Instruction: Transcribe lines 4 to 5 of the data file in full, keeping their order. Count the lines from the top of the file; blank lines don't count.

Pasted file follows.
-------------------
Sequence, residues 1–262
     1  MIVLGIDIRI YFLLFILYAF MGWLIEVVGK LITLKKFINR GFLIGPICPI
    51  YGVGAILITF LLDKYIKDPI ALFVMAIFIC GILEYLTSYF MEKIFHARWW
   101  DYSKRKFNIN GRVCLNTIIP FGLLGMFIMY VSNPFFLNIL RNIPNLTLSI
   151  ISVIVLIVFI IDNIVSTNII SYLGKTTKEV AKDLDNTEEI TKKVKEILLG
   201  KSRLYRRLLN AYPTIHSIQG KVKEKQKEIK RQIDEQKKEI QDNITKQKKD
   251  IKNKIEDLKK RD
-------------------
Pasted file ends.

   101  DYSKRKFNIN GRVCLNTIIP FGLLGMFIMY VSNPFFLNIL RNIPNLTLSI
   151  ISVIVLIVFI IDNIVSTNII SYLGKTTKEV AKDLDNTEEI TKKVKEILLG